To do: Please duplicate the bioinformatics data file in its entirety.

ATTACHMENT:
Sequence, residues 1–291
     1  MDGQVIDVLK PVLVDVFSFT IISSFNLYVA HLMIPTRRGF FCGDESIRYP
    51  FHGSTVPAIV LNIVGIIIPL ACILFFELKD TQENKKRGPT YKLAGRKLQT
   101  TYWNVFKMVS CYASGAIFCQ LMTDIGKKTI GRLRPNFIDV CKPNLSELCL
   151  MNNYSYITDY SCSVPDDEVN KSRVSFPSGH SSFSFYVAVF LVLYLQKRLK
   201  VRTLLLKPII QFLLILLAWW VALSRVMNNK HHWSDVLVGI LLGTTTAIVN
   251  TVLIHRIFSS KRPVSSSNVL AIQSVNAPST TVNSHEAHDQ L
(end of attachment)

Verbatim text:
Sequence, residues 1–291
     1  MDGQVIDVLK PVLVDVFSFT IISSFNLYVA HLMIPTRRGF FCGDESIRYP
    51  FHGSTVPAIV LNIVGIIIPL ACILFFELKD TQENKKRGPT YKLAGRKLQT
   101  TYWNVFKMVS CYASGAIFCQ LMTDIGKKTI GRLRPNFIDV CKPNLSELCL
   151  MNNYSYITDY SCSVPDDEVN KSRVSFPSGH SSFSFYVAVF LVLYLQKRLK
   201  VRTLLLKPII QFLLILLAWW VALSRVMNNK HHWSDVLVGI LLGTTTAIVN
   251  TVLIHRIFSS KRPVSSSNVL AIQSVNAPST TVNSHEAHDQ L